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PracticeProblemsSolutions - Practice Problems in Genetics...

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Practice Problems in Genetics Solutions NOTE: When a genotype is listed as, for example, A_, it means that the second allele is unknown. The actual genotype may be AA or Aa. I. Problems Involving One Gene 1. First assign symbols for the alleles, following the rules and conventions. For example, the letter “L” could be used for this gene. The symbols would thus be L for the dominant short allele and l for the recessive long allele. The problem tells you that the parents are both homozygous (the short-haired one because you are told it is true- breeding, the long haired one because it has the recessive characteristic, which automatically makes it homozygous). So here’s your mating: Mating: ll X LL Gametes: Only l Only L Offspring: All Ll; All short-haired 2. From problem 1 you already know the dominance here. Go ahead and use the same symbols. Mating: ll X ?? Gametes: Only l ? Offspring: Short haired: Ll Long-haired: ll Since the known parent is ll, it contributes a recessive allele to all offspring. So the final phenotype of the kittens is actually determined by the unknown parent. Since some of the kittens are short-haired, they must have received the dominant allele from this unknown parent. The kittens who are long-haired must have received the recessive allele from the unknown parent. So that parent must be Ll, and must be short-haired. 3. Again, assign symbols. A good choice here would be W for widow’s peak and w for no widow’s peak. As both parents here have the dominant trait, they must each have at least one W. Their first child obviously inherited this allele from at least one of them, as he also possesses a widow’s peak. The second child does not, and thus must be ww. But note that there is no evidence here that prevents us from assuming that both of these parents could be carrying hidden recessive w alleles, so Mr. Smith is not justified. Here’s the Punnett’s Square, assuming these two are truly the parents of both children: W w W WW Ww w Ww ww Genotypic ratio predicted: 1 WW : 2 Ww : 1 ww Phenotypic ratio predicted: 3 Widow’s Peak : 1 No Widow’s Peak 4. Assign symbols. A good choice: E for free earlobes and e for attached earlobes. This problem is a simple exercise in pedigree analysis. All of the individuals with attached earlobes must be ee. All of the individuals with free earlobes must be E_. In this particular case, the E_ parent has children who have attached earlobes, so that parent must have a little e, and is thus Ee. And all of the children have one parent with attached earlobes, so they must also all have at least one little e, and are thus Ee. So the answer is, Mr. Jones is ee, Mrs. Jones is Ee. The three children with attached earlobes are ee, and the three with free earlobes are Ee.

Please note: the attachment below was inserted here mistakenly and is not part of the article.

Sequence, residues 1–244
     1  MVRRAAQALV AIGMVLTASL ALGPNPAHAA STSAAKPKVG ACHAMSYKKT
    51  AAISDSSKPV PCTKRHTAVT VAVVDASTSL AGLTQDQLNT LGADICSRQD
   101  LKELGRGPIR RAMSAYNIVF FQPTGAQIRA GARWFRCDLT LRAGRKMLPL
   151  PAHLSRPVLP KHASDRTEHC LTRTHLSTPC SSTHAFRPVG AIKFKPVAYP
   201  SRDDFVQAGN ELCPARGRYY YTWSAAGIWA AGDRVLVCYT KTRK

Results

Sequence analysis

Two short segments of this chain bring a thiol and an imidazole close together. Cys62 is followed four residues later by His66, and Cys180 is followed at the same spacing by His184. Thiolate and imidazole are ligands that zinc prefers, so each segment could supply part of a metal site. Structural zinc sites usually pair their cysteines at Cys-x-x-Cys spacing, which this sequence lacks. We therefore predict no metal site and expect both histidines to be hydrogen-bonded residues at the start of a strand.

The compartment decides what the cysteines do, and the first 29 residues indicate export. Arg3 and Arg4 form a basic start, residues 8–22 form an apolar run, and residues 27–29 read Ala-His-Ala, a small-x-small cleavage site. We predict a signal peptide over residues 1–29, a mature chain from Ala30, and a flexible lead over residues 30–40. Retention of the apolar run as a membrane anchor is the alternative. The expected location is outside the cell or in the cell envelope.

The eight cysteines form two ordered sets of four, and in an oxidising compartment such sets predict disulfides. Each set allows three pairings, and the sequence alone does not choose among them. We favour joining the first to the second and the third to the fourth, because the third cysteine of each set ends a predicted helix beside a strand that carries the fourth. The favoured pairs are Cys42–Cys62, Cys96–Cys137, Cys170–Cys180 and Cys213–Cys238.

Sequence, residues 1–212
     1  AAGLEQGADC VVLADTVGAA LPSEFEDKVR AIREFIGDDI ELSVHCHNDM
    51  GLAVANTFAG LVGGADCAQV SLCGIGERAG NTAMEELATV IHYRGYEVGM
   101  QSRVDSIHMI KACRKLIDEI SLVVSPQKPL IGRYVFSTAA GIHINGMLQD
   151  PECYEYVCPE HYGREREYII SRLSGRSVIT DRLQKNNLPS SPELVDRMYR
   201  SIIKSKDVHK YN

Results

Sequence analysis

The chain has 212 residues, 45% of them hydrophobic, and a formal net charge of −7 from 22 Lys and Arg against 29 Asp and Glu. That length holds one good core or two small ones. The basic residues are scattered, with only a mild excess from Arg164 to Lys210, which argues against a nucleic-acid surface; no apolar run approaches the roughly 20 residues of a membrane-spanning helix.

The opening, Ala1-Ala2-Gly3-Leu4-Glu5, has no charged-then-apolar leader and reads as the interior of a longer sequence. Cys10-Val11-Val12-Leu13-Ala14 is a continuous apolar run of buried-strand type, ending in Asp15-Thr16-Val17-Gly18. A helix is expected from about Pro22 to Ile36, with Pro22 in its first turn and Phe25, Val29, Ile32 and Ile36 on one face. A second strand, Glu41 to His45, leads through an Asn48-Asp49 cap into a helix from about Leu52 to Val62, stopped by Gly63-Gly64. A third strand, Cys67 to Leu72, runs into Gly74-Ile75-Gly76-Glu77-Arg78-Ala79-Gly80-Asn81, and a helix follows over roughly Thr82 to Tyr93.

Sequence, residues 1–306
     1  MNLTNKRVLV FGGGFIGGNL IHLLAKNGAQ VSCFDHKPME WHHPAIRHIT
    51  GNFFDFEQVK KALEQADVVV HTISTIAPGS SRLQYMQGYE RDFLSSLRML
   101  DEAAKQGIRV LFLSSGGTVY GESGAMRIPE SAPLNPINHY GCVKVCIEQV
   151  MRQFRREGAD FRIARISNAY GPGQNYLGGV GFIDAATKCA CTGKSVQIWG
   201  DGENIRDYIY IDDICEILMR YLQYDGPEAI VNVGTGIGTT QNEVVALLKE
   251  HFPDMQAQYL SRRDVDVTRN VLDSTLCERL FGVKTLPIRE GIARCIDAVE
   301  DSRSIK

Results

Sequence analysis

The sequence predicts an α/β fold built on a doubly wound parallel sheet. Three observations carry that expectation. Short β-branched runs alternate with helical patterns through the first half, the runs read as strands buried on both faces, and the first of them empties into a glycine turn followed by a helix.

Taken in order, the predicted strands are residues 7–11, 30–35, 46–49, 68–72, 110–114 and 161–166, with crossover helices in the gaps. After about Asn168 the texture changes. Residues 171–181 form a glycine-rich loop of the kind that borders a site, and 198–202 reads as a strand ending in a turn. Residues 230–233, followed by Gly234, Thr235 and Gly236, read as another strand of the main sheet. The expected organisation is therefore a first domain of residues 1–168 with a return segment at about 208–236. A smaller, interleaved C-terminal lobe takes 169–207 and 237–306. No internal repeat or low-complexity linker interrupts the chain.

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5. Assign symbols. Be careful with this one, as your alleles have incomplete dominance. It isn’t a good idea to use capital and lower case letters, since that convention predisposes us to think in terms of complete dominance. One good choice would be to us superscripts: C 1 for curly; C 2 for straight. Because this gene’s alleles have incomplete
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